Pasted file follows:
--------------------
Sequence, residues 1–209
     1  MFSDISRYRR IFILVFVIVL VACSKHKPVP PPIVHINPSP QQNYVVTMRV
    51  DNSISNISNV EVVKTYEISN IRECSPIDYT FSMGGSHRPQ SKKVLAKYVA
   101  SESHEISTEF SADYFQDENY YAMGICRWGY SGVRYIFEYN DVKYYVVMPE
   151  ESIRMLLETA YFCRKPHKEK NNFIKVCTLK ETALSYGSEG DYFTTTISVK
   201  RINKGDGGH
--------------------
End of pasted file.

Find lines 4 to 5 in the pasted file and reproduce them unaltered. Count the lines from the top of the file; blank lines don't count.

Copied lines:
   101  SESHEISTEF SADYFQDENY YAMGICRWGY SGVRYIFEYN DVKYYVVMPE
   151  ESIRMLLETA YFCRKPHKEK NNFIKVCTLK ETALSYGSEG DYFTTTISVK